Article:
From December 26th 2011 I holidayed in Cuba with my mum, brother and step-father for ten days. I was thrilled. Going abroad in the festive season seemed like a very fancy thing to do. I had longed to visit Cuba for years — my very exotic, romantasized vision of Cuba at least. Most of the visuals I had of the country at that time were from old photos of Che Guevara or from Dirty Dancing: Havana Nights. Most people don’t know there is a second Dirty Dancing film, I’m of the opinion it’s highly underrated.

I loved Havana immediately despite it differing from my preconceptions, though I find it easy to love anywhere warmer than London. I loved that Che’s face was in place of where I’d expect adverts to be. I loved how friendly and open the people were.

It was much poorer than I had envisaged. One person told me it was like living in a huge prison — imagine not being able to leave your own country, they said. I felt guilty for noticing how beautiful the run-down buildings and battered signs were and genuinely impressed at how long people had kept their cars running for. One taxi we took was at least fifty years old. There were a heart-breaking number of stray animals and I was easily distracted making four-legged friends, constantly catching-up with my family, camera swinging round my neck. Most of my holiday photos from that trip were of my under-fed comrades.

One thing I was most looking forward to was a Havanan New Years Eve. New Years parties have never been my thing; I left multiple parties as a teenager feigning illness — to be in pyjamas before midnight is a rule I still try to live by. But I’d never been on a different continent to see in a new year and I was sure this is where I’d been going wrong.

I wore a high-waisted, pale pink a-line skirt in order to slot seamlessly in to my 1950s Cuban dream. We went in search of a local bar on foot and, despite the streets being crowded and the bigger venues full, found a small place that sufficed. It was low-key but it served us rum and had live music, some room to dance, everything we wanted from the night.

Not long after midnight we were happy to stroll our tired feet back to the hotel, quietly merry, content. The air was foreign and humid, comforting in it’s contrast to home. As we reached the main strip that lead back to the hotel it was hard to miss water energetically spilling down from multiple apartment buildings overhead, bucket after bucket defenestrated in a wet rhythm.

Some other people on foot had also stopped completely, clearly looking to avoid getting drenched at all costs. Two gangs at each end of the strip began to form, planning their route through. A handful of others had begun to run after one another through the downpour, back and forth, urging the bucket bandits to catch them. After ten minutes of watching perplexed, laughing, there seemed to be no sign of it stopping and we decided the only thing we could do was go for it. I took off my shoes and took them in one hand, ready.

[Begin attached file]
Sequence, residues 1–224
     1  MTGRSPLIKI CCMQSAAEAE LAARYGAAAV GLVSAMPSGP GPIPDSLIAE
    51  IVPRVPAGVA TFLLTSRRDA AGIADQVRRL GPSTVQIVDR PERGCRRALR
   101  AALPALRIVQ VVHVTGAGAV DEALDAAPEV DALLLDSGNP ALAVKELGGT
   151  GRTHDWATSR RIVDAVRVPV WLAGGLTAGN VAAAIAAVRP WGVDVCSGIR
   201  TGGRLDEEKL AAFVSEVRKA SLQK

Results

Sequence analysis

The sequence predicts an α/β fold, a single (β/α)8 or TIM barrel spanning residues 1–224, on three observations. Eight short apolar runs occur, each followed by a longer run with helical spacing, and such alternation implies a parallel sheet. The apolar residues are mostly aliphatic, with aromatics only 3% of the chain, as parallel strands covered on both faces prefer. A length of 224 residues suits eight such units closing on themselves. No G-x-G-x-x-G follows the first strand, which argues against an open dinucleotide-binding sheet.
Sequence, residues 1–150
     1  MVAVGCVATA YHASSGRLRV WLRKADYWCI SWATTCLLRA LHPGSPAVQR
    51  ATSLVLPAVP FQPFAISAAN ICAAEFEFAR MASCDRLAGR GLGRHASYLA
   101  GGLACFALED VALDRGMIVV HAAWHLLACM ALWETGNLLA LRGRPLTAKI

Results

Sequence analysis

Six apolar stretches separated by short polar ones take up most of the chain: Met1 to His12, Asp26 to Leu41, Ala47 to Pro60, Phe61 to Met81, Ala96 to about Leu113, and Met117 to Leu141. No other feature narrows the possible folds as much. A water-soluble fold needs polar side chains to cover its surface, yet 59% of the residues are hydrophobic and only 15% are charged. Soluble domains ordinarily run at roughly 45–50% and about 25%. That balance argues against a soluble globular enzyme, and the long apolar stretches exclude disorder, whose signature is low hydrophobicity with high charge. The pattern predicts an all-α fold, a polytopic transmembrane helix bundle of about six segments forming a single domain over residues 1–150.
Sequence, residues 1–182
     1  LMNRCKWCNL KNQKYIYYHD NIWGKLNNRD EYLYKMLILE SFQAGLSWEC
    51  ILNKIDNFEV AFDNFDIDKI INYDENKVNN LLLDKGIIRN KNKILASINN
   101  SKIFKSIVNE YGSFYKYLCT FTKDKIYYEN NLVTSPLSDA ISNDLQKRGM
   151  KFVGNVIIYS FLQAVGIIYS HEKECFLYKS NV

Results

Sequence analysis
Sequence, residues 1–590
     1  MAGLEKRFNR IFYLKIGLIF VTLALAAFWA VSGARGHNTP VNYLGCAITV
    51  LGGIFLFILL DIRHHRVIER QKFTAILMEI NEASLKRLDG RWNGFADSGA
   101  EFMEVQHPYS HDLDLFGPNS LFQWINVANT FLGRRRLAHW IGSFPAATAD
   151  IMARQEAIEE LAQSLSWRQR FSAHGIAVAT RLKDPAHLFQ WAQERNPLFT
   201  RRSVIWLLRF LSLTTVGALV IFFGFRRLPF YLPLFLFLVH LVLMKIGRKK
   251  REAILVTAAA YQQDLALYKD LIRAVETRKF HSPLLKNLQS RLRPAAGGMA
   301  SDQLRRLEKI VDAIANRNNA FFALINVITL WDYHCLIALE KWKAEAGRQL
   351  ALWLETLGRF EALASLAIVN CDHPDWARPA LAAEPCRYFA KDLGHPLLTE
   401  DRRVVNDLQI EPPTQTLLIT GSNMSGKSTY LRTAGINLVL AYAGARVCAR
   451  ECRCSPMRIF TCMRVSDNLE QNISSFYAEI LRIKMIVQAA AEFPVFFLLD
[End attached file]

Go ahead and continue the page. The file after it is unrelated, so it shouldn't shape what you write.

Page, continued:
My brother and I chose the main street, the riskiest but also the one with the most glory were we to pass through the end dry. At some point my mum and step-father had opted for a backstreet and we didn’t see them again for another forty minutes where they arrived drenched outside our hotel (which was only a ten minute walk from where we had separated). They told us, dripping, that they’d been hit and at some point had noticed my step-father’s glasses were missing, evicted from the top of his ears by the water. They’d been forced to go back on themselves to search for them which was made somewhat more difficult by the impaired vision.

My brother and I…we almost made it. Multiple buckets dodged and with the end in sight, a last-minute chancer got us both in one go.

If we had left the bar even half an hour later, I’m sure we would have been entirely ignorant to this happening on the street right next to us. We would have certainly not spent our first few moments of 2012 soaked to the skin. But I was secretly a little pleased that we were forced to peel off the wet fabric from our bodies before bed that night. It’s one of very few New Years Eve experiences I’m grateful for.

One clap, two clap, three clap, forty?

By clapping more or less, you can signal to us which stories really stand out.